Forget about finding that special someone to share sunsets and fireside chats. If you'd rather find that special moron who bumped you in the checkout line, a weekly shopper has just the ticket: anti-personals.

Manhattan Pennysaver invites readers to "give the gift of hate" by placing an advertisement in a special section where people are cut down to size in small print."Slay a rotten neighbor. Bad-mouth the public figure of your choice," the paper urges readers. "Spew forth your anger. You'll feel much better afterward."

At a rate of $10 for 20 words (50 cents per each additional word), New Yorkers have been verbally kneecapping each other since the anti-personals appeared several months ago.

The page offers an opportunity to have the last word in the kind of impersonal yet acrimonious run-ins for which the nation's largest city is famous.

Some examples, occasionally suggesting a casual command of English grammar, spelling and punctuation:

"Attn: The girl who was wearing the tight leopard jump suit with black pumps who purposely stepped on my foot while you was getting off the R train last Wednesday. Meet me at the end of the 63rd Avenue station next Wednesday. I got some shoes with your butt's name on them. - Rita."

"To the misery who purposely let the elevator door close while I was standing there with my hands full. Don't be alarmed when the banging noise becomes so great it sounds as though it's coming through your ceiling. Sweet dreams! - Your Upstairs Neighbor."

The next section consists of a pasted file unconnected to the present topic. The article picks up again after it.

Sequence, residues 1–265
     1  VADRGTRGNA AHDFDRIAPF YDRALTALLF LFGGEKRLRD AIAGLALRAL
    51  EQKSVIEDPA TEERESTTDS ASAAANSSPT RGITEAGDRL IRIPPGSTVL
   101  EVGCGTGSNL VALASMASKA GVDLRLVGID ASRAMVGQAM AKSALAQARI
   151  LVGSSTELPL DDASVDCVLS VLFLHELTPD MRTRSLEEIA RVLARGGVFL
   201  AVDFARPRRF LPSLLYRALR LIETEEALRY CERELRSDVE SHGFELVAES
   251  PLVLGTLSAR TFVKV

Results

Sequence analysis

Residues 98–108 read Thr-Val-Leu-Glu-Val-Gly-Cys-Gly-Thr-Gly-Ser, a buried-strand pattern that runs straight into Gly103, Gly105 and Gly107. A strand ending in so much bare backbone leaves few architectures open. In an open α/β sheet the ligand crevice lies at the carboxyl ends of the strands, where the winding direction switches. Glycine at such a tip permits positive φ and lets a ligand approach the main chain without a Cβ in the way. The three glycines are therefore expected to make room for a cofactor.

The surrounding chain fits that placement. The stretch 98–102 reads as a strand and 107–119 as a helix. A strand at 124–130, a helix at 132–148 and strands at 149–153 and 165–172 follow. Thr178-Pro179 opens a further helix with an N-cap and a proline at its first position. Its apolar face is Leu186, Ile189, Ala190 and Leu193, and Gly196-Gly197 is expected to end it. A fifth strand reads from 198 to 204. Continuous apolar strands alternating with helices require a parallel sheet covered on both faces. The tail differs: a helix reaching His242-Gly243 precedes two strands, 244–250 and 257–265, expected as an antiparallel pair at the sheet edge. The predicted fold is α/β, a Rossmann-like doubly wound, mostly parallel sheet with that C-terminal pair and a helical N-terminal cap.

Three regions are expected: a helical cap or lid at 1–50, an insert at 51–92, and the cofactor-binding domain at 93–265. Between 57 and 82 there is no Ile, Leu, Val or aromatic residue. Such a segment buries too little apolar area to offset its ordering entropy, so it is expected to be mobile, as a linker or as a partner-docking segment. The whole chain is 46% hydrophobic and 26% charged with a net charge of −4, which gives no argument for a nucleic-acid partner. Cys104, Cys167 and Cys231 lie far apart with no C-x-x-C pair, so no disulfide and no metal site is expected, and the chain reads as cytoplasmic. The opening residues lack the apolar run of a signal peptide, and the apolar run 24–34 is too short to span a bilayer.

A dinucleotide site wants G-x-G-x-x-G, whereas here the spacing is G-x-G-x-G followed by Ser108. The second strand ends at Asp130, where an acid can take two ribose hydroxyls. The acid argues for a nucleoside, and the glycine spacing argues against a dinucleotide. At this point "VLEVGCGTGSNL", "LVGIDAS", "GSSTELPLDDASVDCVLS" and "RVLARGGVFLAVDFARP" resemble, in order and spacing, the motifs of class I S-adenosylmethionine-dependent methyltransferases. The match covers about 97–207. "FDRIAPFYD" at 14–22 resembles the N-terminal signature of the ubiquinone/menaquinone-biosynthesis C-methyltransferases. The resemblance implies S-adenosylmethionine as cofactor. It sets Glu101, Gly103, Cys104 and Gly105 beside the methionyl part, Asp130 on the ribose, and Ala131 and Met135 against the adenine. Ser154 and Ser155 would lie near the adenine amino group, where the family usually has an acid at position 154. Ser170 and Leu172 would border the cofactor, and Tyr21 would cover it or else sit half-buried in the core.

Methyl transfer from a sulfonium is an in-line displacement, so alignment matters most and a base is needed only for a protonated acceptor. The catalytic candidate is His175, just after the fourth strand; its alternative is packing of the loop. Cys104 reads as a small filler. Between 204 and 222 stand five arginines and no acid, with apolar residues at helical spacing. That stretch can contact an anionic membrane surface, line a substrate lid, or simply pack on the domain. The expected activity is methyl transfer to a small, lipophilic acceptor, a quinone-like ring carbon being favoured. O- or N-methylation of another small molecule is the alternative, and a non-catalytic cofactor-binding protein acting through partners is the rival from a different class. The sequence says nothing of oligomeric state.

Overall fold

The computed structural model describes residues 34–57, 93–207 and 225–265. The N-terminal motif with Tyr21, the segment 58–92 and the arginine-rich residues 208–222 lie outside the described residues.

"To the insensitive boob in the business suit and sneakers who watched me get mugged on the No. 1 train last week without doing a damn thing to help. Pig."

"2-13, 2:30 p.m. Downtown No. 2 train - You, light blue rain coat, sunglasses. Me, tall, short blonde hair reading accounting book. Learn some manners!"

But most of the anti-personals deal with that bottomless source of bitterness and disillusion - romance.

One is addressed to "The Faxman: Faxes are impersonal and cold. If the best you could do was fax me your reasons for breaking up, the best I can do is tell you it is over and drop dead in an anti-personal."

Even casual dates seem to inspire intense recrimination. Many anti-personals are taken out by women to complain about dates who tried to drive too fast, go too far or eat too much.

"Dear Jake," writes Janet. "Thanks for the wonderful dinner. . . . After eating with your fingers, burping & passing wind all evening, I say, `Find somebody else to date that's your own species.' "

There's a morass of redundant insults - "spineless jelly fish," "trampy slut" - and cliched put-downs, but some ads deliver their message simply and clearly without wasting words.

"Ginger darling," purrs Susan R. "Next bus out of town. Be under it."